Foodservice: New business models – Produce Blue Book – Produce Blue Book

by | Jul 22, 2022 | Business

During the pandemic, restaurants and other foodservice operators were forced into new ways of doing business, especially with ordering and delivery or pickup.
Additionally, many chains reconfigured dining rooms and added drive-thru windows.
According to a February 2022 survey by the National Restaurant Association, 54 percent of U.S. adult respondents say purchasing takeout or delivery food is essential to the way they live.
For millennial and Gen Z consumers, these percentages are even higher at 72 percent and 66 percent, respectively.
Separately, NPD Group found 42 percent of all U.S. restaurant traffic in November 2021 was in the drive-thru versus 26 percent in February 2020.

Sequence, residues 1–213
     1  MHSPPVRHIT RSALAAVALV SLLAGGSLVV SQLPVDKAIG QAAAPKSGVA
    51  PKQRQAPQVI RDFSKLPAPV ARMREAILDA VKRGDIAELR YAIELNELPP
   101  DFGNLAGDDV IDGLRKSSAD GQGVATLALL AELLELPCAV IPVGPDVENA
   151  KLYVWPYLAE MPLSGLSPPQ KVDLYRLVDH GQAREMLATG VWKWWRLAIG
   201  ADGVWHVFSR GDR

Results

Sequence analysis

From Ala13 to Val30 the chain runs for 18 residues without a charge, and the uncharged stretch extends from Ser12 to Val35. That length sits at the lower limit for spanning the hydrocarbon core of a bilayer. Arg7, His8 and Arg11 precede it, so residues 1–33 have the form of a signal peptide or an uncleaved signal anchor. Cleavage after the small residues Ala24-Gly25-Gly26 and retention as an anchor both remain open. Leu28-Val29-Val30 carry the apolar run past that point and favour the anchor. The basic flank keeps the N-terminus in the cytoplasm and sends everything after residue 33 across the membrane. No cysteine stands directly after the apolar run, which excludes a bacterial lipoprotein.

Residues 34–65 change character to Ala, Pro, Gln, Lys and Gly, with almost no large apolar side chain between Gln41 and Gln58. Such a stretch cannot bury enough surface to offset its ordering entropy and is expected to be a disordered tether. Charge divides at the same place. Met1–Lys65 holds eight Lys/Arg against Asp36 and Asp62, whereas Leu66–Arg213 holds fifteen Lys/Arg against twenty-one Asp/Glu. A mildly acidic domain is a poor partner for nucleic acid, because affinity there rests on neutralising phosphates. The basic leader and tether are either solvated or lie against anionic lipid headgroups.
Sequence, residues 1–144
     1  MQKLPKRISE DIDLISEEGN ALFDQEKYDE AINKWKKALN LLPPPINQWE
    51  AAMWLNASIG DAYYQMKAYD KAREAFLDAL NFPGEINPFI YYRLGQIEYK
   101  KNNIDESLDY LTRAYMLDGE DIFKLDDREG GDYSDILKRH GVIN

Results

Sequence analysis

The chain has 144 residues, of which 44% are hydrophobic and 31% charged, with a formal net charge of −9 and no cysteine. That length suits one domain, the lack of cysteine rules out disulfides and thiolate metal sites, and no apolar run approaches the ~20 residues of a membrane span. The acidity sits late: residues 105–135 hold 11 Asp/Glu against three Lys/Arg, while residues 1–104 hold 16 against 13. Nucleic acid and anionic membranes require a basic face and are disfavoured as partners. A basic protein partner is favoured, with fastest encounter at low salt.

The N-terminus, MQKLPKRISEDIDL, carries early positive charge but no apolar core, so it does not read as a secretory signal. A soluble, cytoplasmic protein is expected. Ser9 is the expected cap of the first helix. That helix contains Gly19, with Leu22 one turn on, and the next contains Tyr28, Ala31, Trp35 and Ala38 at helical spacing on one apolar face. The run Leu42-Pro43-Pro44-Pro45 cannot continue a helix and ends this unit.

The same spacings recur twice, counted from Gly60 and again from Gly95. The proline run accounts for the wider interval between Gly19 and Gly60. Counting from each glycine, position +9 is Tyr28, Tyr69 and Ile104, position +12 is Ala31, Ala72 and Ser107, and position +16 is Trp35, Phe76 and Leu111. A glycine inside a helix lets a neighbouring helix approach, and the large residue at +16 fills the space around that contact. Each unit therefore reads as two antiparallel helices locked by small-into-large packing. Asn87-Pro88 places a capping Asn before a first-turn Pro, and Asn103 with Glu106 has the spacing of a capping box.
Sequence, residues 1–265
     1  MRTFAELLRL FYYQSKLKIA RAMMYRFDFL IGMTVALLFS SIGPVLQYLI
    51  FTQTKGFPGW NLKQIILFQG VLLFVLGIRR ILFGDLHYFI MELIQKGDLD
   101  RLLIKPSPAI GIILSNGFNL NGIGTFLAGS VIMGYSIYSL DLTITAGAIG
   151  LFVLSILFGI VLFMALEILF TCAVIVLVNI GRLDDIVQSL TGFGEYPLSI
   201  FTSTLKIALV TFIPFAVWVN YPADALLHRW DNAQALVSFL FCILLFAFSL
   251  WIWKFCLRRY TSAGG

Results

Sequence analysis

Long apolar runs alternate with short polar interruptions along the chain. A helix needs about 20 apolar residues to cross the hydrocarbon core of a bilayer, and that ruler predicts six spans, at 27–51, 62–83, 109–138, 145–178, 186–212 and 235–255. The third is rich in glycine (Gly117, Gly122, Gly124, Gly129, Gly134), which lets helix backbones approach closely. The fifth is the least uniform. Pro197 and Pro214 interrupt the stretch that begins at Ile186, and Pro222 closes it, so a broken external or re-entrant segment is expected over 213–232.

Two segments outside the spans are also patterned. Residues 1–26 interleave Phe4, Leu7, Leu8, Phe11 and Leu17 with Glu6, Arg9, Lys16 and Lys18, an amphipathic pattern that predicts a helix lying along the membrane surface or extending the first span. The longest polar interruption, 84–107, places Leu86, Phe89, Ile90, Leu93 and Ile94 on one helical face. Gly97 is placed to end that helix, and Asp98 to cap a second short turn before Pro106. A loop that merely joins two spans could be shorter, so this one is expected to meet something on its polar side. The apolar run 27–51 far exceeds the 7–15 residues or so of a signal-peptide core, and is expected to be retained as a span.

Delivery numbers ticked up as well, with third-party service providers ringing up substantial sales.
“Pickup and delivery became a more sophisticated portion of a restaurant’s ability to generate sales,” says Craig Fields, director of account management for the Northwest at RPE, LLC BB #:105471 in Bancroft, WI. “Restaurants have realized that takeout and delivery, done well, can become a profit center.”
The rise of ghost kitchens, which prepare food for off-premises consumption, have put restaurants in a good position to continue to serve this need.
Focus Brands, LLC, parent of Jamba, Cinnabon, Moe’s, and other food banners, has opened nine outlets in the United States under its new Ghost Kitchen Brands umbrella.
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